Then he turned and pandered to the crowd behind him where a dozen young men now flanked his associates.

As quickly as the crowd grew behind the Colombians, the foreign ranks thinned. Our only common link was to our little host whose entire body screamed danger. Bug-eyed and hands trembling, he hopped along the back line of the crazy gringos and tugged Shawn, Bruno, and Liam at the elbow, repeating over and over, “We go. We go. We go.”

Liam turned halfway to Carlos, and then back to Shawn, waiting for a cue from his friend that it was ok to split. Though Liam’s face was expressionless, I was sure the worst case scenario was locked on repeat in his mind. He didn’t get the out he was seeking. The other two lads ignored Carlos and focused on the other short Colombian in front of them.

The remainder of the disparate travelers heeded Carlos’ alarm and resisted the temptation of spectacle. We melted away in twos and threes. I grabbed the girl next to me, another wandering San Franciscan named Veronica who was transfixed by the coming showdown. I whisked her to the far side of the parking lot where we could watch from a perch of concrete embankment just beyond the arc of street light.

We turned to see the little body builder strut between the rump of the Carlos crew and crowd behind him. He continued his taunts in English so that the foreigners could be sure of the stakes.

“Fucking Americans! Don’t you know you’re in Colombia? We are going to keel you tomorrow. We are going to fucking keel you fucking gringos! Tu puta madre me la chupa!”

For many Colombians in the interior of the country, Gringolandia was a vague, transnational supercontinent that encompassed most every nation in the non-Latino, European derived world. I have told Colombians I am from the USA who enthusiastically replied they had relatives in Paris or Sydney. Among costeƱos, like their neighbors on the Caribbean rim, gringo had more specific associations with the United States. It takes a far higher level of language skills than most locals possess to pick up accents in a second language. The English speaking foreigners became American by default.

But the Irish guys didn't know this, and Bruno, still at Shawn’s side, could have only caught snippets of the heavily accented vitriol. Not that it mattered. Both sides were sufficiently powdered, inside and out, and any insult from the muscle man was enough fuel for a fight.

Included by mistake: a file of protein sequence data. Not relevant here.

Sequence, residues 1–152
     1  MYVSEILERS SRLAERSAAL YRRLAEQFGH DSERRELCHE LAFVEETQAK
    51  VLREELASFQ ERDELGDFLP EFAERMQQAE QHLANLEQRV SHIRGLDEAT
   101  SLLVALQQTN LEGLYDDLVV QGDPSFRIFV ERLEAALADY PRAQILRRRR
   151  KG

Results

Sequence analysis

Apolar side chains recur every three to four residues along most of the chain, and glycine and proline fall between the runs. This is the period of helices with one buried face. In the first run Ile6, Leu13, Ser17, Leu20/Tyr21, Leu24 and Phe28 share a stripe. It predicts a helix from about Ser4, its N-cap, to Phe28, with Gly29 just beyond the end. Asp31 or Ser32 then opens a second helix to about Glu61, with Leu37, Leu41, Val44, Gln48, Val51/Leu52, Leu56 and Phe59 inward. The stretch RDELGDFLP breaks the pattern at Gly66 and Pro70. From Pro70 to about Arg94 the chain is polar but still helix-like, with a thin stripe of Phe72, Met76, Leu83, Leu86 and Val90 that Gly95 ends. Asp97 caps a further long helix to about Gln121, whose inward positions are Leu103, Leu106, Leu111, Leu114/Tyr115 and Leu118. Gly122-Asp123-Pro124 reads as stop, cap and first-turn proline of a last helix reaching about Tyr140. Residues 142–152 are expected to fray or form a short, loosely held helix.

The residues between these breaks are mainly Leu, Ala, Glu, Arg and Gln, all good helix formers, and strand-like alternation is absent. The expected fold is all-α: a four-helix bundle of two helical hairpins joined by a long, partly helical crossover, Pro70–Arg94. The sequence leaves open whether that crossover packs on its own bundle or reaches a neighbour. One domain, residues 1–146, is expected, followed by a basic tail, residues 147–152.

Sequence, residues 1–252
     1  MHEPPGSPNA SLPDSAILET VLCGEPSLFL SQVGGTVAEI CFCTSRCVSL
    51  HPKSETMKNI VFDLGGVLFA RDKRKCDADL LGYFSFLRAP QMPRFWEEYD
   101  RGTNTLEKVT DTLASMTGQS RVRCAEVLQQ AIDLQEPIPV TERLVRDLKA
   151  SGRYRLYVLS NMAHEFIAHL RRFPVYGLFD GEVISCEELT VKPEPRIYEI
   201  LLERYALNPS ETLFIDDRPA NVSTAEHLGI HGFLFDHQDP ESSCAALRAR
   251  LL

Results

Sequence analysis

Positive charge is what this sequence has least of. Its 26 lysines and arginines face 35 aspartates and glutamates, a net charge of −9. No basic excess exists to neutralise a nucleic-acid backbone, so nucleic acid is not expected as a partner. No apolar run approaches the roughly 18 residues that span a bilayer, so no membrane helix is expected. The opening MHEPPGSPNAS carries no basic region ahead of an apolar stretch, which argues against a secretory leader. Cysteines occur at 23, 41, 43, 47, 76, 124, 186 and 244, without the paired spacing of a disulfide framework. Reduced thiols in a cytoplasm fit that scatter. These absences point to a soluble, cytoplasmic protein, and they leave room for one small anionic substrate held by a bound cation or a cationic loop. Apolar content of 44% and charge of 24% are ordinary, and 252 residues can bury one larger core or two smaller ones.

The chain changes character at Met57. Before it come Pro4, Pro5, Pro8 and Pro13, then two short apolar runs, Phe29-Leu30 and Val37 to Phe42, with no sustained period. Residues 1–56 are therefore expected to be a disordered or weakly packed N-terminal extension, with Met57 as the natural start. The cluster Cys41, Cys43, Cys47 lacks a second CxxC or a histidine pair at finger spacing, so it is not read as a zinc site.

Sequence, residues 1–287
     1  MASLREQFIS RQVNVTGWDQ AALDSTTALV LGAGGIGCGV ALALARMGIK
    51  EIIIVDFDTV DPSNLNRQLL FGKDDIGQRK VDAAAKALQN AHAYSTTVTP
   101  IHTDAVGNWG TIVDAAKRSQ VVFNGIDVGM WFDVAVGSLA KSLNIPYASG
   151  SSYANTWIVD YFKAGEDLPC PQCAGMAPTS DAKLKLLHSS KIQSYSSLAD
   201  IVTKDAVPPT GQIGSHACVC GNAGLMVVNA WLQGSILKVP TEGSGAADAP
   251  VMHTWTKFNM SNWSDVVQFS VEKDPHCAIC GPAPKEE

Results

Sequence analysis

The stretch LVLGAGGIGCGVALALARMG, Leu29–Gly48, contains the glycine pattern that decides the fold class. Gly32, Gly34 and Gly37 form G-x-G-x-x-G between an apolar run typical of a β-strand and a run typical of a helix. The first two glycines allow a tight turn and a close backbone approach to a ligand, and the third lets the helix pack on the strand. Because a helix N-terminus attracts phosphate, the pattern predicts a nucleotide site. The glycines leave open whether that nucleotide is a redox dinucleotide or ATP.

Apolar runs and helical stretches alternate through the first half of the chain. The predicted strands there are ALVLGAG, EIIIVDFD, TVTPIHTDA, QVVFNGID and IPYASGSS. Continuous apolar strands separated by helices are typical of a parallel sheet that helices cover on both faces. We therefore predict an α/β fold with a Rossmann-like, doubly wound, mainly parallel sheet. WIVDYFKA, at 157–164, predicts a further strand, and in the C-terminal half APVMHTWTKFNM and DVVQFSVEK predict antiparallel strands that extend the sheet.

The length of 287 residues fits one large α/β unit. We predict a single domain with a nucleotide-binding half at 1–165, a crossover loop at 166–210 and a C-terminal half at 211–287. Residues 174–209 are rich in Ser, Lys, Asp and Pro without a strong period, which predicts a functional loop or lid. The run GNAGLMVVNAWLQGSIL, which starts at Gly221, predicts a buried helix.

“What’d the little cunt call me?” Shawn asked, turning his head back to whom he assumed was Carlos and the rest of the hostel at his back. In fact he had turned on the only empty space on a sidewalk elsewhere thick with bodies. After his frantic attempt at intervention, Carlos had melted away along with the rest of us. Even Mark had disappeared, wisely escorting Sarah into the anonymity of the crowd. Only Carlos’ cologned drenched business partners stood at a distance behind the gringos. With no need to fear the impending race war, they could afford to be spectators. They did not make any signs of alignment to the gringo cause.

Liam, still stoned out of his mind, clenched a bottle and made an awkward chopping motion with the intention, so he claimed, of splashing the Colombians with the remainder of his beer. He didn’t judge the distance between himself and the opposing line, and unfortunately the taller sidekick leaned forward just in time with the downward snap of Liam’s hand. The lip of the bottle smacked across the bridge of the Colombian's nose.

Silence. A strange silence, because music still pounded from oversized speakers and in every direction the party churned on. Yet for a long moment, what must have seemed an eternity to the three Europeans, a whisper would have been enough to break the spell. Everyone within 50 yards of the confrontation stood hushed and still, enraptured by the insanity of the gringos either too crazy or too stupid to turn and run.

“You threw a fucking bottle at my head?” The tall flour man stepped forward and asserted himself in Liam’s face. Then he turned to Shawn, then back to Liam. He swiveled a third time and threw a sucker punch that landed square on Shawn’s jaw. The attacker coiled to launch a sprawling hook. Shawn easily ducked the second punch. Only then, with an open shot on his attacker, did he seem to appreciate the scenario. Instead of leveling his assailant he grabbed at the shirts of his old friend and new acquaintance and the three took off in a dead sprint for the street.

The mob waited for a second, then their little Napoleon shouted, “Kill the Americans!”

The crowd at the edge of the sidewalk parted for the honorary Yankees. Sympathetic revelers waved them forward as if they were runners on the home stretch of a marathon. As the boys jumped down into the street, a taxi driver attuned to the situation opened his back door. One after the other they dove head first into the back seat. The French giant was still airborne as the cab cut away from the curb.

Bruno’s legs dangled out the back door, providing the opening for two Colombians to jump into the moving cab and grab at the bodies in an impossibly crowded backseat. The second attacker could not get enough of his torso in the car and his dragging feet pulled him out onto the curb. After a brief scuffle the second attacker tumbled out backwards onto the concrete.